The Government’s Role

June 1 2024

Part Three

This scandal was not an unfortunate consequence of stodgy processes, ill-informed incompetent executives and a blind faith in a flawed IT system. Post Office staff did not behave the way they did just for the hell of it. They did so because they believed this was what was wanted by the government, its owner. It was the government which set its “strategic parameters” while remaining at arm’s length from its day-to-day operations.

I wrote here about one key question which remains to be answered in relation to the cover up and the Post Office’s conduct over the Bates litigation: What did the government know? When did it know it?

But there is another important question which needs asking first.

To what extent did the government’s strategic priorities for Royal Mail and the Post Office lead to the scandal? 

Last week’s evidence from Paula Vennells shed some light on one aspect of this: the 2013 IPO of Royal Mail and her curious intervention, the one which according to her self-appraisal “really earned her keep”.

Royal Mail had been loss-making for years: governments, whatever their political persuasion, were determined to make it more commercial, perhaps even profitable and, eventually, to privatise what could be privatised. The Post Office needed to widen the range of products it sold, with financial products its preferred option. It also needed to reduce costs. These were the priorities. Any sort of admission that IT systems were not fit for purpose, might need more (expensive) investment risked derailing this. It also partly explains why no-one inquired too closely into how Post Office investigators actually behaved. Rather than being a genuine investigations team, they were a debt collection team collecting monies which the Post Office wrongly thought it was owed. There was no incentive to look closely at whether they were complying with the law, actually investigating the reasons for the discrepancies, or abusing their powers. The incentives went the other way.

Once privatisation was on the agenda, this became even more important. Ensuring the Royal Mail was attractive enough to be sold – profitably – and splitting the Post Office into a separate stand-alone company were the focus. Achieving this while ensuring that its day-to-day business and backroom functions are being run as they should be is a challenging task, even in the best run company. Not even its best friends would describe the Post Office thus.

The Royal Mail IPO

The 2013 prospectus for Royal Mail’s IPO contains a section dealing with its relationship with Post Office Limited (“POL”) and the material risks this exposed Royal Mail Group to – para. 1.18. It mentions dependance on the “effective operation of POL’s IT systems and processes” and on the public perception of Royal Mail and POL as one entity. “Any business or commercial decisions taken by POL could therefore be perceived as decisions taken by…. the Group and adversely affect the reputation and brand of the Group……Any failure in POL’s IT … systems …. may lead to adverse publicity and adversely affect the reputation and brand of the Group.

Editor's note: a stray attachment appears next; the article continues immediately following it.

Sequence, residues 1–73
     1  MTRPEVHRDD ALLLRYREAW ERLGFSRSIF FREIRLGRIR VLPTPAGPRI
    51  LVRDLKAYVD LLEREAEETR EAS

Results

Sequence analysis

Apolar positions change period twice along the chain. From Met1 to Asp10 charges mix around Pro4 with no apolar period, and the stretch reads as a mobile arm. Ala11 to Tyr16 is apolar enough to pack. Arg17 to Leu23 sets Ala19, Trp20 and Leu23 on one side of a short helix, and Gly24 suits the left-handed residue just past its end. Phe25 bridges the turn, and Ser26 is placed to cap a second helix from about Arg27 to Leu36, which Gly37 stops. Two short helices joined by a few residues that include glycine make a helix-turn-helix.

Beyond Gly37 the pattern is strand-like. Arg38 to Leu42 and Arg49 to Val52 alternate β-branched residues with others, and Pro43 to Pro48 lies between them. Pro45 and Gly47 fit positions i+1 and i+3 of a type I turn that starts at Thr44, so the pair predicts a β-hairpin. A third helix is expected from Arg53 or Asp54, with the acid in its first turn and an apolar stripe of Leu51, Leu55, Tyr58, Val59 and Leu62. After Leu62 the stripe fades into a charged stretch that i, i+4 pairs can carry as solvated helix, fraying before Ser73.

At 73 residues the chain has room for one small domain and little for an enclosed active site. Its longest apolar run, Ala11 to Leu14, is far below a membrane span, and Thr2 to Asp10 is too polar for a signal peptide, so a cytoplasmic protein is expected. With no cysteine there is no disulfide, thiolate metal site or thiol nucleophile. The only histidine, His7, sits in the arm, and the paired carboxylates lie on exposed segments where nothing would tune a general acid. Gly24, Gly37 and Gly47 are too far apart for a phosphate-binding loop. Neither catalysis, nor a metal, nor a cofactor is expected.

What this section or the prospectus as a whole nowhere mentions is POL’s prosecutorial role during the period when it and Royal Mail were one entity. Nothing was said about any ongoing responsibilities for (a) any failings in prosecutions carried out pre-IPO and/or (b) any obligations to pay compensation.

Ancient, irrelevant history? No. By mid-2013 there were credible concerns about POL’s IT systems, the safety of past prosecutions and possible liability for compensation. POL’s insurers had been notified. Any prospective investor in Royal Mail would surely have wanted to know about risks arising from past conduct by Royal Mail (unless these had clearly been carved out) as well as ongoing risks relating to a future long-term business partner. Those drafting the prospectus must have thought so because something was put in about the Horizon system.

On her last day giving evidence, Paula Vennells stated that she had managed to remove references to Horizon from the Royal Mail prospectus. According to her, it was irrelevant and damaging to POL. She repeated that she had played no role at all in the prospectus or the IPO so it is odd how she was able to assess the possible relevance of certain statements. Perhaps an understanding of regulatory obligations and listing rules was one of her hidden talents.

What was it she was so keen to remove because it was so damaging and irrelevant? It was the statement which POL had proudly trumpeted in its press releases following the interim Second Sight review to show that subpostmaster allegations and concerns were exaggerated and unjustified.

In July 2013 an interim report was published into alleged problems with POL’s “Horizon” computer system which is used to record transactions in its branch network. The report confirmed that no system wide problems had been found in relation to the “Horizon” software, but suggests that POL should examine its support and training processes for sub-postmasters.

How could POL’s own press release be damaging? Two reasons: the reality behind the review and the other advice which POL had received by now made this statement “economical with the truth“. If questions had been asked, who knows where these might have led? Had there been even the merest hint of possible miscarriages of justice arising from matters taking place during the period when Royal Mail was in charge, how would this have affected Royal Mail’s sale? The question answers itself.